M.R. Kukrit’s House is a cluster of 5 teakwood houses raised on stilts in traditional Thai style, all connected by a wooden corridor. Rather than completing them all in one go, he bought the houses from various parts of central Thailand and re-assembled them on-site, a process that took over 20 years to complete. Each house is interconnected and is full of fine-art treasures, not museum pieces but the things he saved and loved, like ceramics, precious furniture and Buddha images.

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    Location: 19 Narathiwat Soi 7, Yannawa, Sathorn, Bangkok 10120, Thailand

    Open: Daily from 10 am to 4 pm

    Phone: +66 (0)2 286 8185


    Tilleke and Gibbins' Museum of Counterfeit Goods

    Law firm Tilleke and Gibbins' Museum of Counterfeit Goods exhibits piles of counterfeit goods accumulated over years of raids on behalf of their clients. The museum was established in 1989 to educate people and encourage them to see beyond the cheap prices. When walking around the museum there are plenty of unexpected goods among T-shirts and sunglasses. Some of the fake goods seem absurd, coffee, biscuits, even washing powder. The products have been marked with either an F or a G to help visitors discern between which are fake and which are genuine.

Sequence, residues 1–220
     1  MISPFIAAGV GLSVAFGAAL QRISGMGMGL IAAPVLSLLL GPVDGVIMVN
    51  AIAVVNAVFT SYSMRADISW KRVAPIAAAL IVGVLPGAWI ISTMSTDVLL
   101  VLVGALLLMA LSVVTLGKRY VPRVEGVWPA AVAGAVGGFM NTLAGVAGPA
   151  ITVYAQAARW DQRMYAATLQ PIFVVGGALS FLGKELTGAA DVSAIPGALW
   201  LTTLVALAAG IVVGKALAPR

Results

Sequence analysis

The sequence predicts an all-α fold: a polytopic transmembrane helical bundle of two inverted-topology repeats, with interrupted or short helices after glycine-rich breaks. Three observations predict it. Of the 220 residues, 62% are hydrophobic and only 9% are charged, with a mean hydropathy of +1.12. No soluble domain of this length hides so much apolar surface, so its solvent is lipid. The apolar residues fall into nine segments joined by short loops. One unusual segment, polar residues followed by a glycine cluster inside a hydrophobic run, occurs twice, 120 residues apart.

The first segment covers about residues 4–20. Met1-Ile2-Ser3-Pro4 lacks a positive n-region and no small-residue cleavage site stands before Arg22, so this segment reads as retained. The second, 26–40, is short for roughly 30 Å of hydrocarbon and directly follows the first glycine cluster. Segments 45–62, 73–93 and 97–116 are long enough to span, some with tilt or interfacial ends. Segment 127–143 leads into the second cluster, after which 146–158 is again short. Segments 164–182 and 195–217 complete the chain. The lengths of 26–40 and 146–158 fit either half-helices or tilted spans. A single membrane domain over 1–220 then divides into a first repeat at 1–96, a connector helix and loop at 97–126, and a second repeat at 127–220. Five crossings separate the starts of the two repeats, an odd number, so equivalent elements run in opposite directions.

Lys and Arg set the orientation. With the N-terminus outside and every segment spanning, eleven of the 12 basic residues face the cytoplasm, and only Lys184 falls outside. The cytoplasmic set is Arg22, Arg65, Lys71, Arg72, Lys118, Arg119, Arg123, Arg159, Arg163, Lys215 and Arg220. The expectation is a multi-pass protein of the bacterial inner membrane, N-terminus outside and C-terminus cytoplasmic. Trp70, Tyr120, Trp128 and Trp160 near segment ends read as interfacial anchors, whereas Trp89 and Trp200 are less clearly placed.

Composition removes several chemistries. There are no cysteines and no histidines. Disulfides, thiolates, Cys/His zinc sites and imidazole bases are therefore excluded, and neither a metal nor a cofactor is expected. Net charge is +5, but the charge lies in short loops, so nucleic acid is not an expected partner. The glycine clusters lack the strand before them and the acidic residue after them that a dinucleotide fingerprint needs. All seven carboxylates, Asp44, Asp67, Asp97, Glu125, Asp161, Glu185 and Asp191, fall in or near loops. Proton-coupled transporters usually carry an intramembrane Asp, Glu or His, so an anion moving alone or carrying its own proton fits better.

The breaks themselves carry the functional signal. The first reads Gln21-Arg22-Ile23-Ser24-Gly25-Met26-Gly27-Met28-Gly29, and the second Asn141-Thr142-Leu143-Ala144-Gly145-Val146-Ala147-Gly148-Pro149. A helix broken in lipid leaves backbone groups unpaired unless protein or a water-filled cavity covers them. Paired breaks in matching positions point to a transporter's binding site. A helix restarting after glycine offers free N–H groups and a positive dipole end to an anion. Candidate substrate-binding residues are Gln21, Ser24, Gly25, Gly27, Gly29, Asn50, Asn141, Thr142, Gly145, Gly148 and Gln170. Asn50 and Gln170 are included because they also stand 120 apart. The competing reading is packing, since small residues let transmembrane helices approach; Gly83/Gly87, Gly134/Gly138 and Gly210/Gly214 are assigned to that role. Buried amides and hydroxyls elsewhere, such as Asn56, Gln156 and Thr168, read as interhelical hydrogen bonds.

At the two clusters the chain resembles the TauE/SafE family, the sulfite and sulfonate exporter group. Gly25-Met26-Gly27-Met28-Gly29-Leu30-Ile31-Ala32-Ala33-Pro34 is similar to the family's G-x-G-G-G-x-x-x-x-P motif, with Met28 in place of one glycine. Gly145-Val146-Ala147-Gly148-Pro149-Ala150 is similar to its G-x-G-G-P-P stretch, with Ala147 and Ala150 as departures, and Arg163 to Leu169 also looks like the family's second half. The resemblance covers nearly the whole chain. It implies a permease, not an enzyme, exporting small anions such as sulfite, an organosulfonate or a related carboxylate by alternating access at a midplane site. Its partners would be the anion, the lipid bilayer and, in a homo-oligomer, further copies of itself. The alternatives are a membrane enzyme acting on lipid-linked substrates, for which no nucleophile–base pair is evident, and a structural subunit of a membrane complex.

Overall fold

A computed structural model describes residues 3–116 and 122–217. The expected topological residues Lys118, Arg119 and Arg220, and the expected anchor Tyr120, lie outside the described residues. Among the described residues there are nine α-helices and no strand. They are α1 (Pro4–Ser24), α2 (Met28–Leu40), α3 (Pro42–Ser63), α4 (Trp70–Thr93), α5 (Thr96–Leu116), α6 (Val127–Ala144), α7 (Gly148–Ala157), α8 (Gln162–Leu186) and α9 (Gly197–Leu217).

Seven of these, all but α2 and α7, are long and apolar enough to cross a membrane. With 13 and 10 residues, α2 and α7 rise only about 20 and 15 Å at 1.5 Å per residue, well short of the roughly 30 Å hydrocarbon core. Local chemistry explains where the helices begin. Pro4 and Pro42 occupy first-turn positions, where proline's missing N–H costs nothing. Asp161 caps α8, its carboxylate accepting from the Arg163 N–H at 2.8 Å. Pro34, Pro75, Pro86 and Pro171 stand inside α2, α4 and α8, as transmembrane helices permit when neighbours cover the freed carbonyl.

Location: Tilleke & Gibbins, Supalai Grand Tower, 1011 Rama 3 Road, Yannawa, Bangkok 10120, Thailand

    Open: Monday at 2 pm and Thursday at 10 am (open by appointment only)

    Phone: +66 (0)2 056 5548


    photo by PPun (CC BY-SA 3.0) modified


    Museum of Floral Culture

    The Museum of Floral Culture is dedicated to the history and techniques of floral arrangements in weddings and religious ceremonies, official occasions and royal events. It was founded by Thai floral artist Sakul Intakul, who proudly displays a large collection of rare photos, drawings and personal creations used and exhibited in Thailand and many renowned international events.